Late this afternoon, I happened to walk past the TV as they were announcing the death of former astronaut and Senator John Glenn, the last survivor of the original Mercury 7 astronauts. For those of you who weren’t around back in the late 1950’s and early 1960’s, the country was in a time of unrest – the Soviets had launched Sputnik, a small satellite, that orbited the earth and were undeniably leading the “space race.”
In response, Werner von Braun and a host of other rocket scientists developed a program to put Americans in space and after rigorous testing, 7 men were chosen to represent America in the race to the moon against the Russians. John Glenn became the third man to fly – and the first American to orbit the earth after sub-orbital flights by Alan Shepherd and Gus Grissom. In fact, he was launched on February 20, 1962 – one day after my 9th birthday. I vividly remember Dad waking me and the two of us watched with anticipation as Glenn prepared for his flight of three orbits around the earth.
His flight was plagued with issues – including “fireflies,” pieces of the heat shield that seemed to be loose. And there was serious concern about Glenn’s ability to return to earth without his capsule burning up. It all turned out okay and Glenn went on to continue as an astronaut for several more years – before eventually running for and winning a seat in the U.S. Senate from the state of Ohio where he served for 4 consecutive terms. In 1984, Glenn ran unsuccessfully for the Democratic nomination for President of the United States.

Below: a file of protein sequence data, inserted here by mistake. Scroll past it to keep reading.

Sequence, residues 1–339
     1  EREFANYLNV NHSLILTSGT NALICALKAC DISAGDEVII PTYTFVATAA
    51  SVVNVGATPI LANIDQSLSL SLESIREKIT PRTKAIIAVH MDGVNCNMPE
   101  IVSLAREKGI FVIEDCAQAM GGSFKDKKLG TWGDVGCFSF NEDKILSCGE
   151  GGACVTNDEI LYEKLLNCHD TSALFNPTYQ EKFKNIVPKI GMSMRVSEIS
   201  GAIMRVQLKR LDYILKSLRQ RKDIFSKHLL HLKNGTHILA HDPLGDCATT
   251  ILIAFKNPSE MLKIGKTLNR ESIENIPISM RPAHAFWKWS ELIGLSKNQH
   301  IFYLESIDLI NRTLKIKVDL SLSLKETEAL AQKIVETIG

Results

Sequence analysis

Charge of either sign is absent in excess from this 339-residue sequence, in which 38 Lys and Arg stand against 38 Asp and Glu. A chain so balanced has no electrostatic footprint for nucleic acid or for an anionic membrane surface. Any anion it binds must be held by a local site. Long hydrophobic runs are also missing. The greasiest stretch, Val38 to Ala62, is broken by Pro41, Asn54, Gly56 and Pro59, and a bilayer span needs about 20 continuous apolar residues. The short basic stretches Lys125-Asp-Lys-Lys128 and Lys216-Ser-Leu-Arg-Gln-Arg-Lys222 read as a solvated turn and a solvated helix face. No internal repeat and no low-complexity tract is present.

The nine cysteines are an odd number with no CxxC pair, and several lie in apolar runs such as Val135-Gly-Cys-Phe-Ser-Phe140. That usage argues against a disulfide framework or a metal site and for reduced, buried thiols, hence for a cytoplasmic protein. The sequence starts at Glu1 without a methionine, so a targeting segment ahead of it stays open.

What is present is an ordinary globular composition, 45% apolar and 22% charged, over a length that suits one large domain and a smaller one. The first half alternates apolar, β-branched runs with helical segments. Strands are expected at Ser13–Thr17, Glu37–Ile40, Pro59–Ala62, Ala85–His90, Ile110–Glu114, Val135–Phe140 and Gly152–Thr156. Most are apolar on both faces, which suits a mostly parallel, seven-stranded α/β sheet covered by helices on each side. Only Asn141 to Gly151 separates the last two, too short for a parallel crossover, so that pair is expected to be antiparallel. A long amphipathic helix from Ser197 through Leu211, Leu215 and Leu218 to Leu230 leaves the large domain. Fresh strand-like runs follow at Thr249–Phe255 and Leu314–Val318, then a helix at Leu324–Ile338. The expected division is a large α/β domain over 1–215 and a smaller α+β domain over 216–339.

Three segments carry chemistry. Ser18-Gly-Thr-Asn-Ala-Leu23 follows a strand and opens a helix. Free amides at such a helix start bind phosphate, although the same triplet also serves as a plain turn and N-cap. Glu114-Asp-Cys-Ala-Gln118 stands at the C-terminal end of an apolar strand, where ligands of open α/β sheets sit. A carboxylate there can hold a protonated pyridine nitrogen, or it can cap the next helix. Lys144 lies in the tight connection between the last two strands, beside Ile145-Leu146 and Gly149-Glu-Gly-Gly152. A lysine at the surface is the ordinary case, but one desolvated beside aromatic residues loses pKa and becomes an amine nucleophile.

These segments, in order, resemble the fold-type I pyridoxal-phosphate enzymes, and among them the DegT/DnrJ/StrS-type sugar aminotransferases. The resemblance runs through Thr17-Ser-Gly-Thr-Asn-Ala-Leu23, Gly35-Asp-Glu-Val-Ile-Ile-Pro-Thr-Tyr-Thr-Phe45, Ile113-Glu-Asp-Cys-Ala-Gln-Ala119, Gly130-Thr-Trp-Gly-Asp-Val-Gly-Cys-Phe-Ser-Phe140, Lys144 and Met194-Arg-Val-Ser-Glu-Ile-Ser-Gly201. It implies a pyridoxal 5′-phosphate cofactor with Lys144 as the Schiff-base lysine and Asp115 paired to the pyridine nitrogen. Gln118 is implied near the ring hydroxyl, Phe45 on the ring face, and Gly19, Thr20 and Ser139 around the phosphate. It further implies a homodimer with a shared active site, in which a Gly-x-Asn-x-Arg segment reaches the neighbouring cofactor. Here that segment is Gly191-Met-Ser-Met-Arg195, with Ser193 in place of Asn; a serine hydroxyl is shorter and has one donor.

And in 1998, at the age of 77, Glenn became the oldest person to fly in space when he returned to orbit the earth aboard the shuttle Discovery. He was, and is, a true American legend – and that doesn’t even include his serving in two wars as a fighter pilot! The country owes Glenn a debt of gratitude for his bravery and the risks that he took to advance the space program and America’s standing in the world. He and his wife, Annie, were married for 70 years and it is difficult to imagine the lunar missions or the shuttle flights without the efforts and contribution of Glenn and the other 6 Mercury astronauts.
So why did they do what they did? The risks of space were incredible and in the beginning, the capsules were not even going to include a window for the astronauts to see the sun, moon and stars. Because space was there – and Glenn believed that we should be explorers. He also believed in God – having remarked that it was impossible for him not to believe in God, having witnessed not only earth, but the beauty of space – another part of God’s creation.
Our verse for the evening is from the book of Genesis. It highlights God’s creation of the universe. Moses, the author of Genesis, tells us in Gen. 1:14-19, “And God said, “Let there be lights in the expanse of the sky to separate the day from the night, and let them serve as signs to mark seasons and days and years, and let them be lights in the expanse of the sky to give light on the earth.” And it was so. God made two great lights—the greater light to govern the day and the lesser light to govern the night. He also made the stars. God set them in the expanse of the sky to give light on the earth, to govern the day and the night, and to separate light from darkness. And God saw that it was good. And there was evening, and there was morning—the fourth day.”
My encouragement this evening is that God expects us and wants us to explore – everything from earth to space to our own journey with Him. My prayer is that you will live life to the fullest and not be afraid to explore and enjoy God’s majestic creation. Have a great day in the Lord, and Godspeed, John Glenn, as you enter the presence of God in heaven…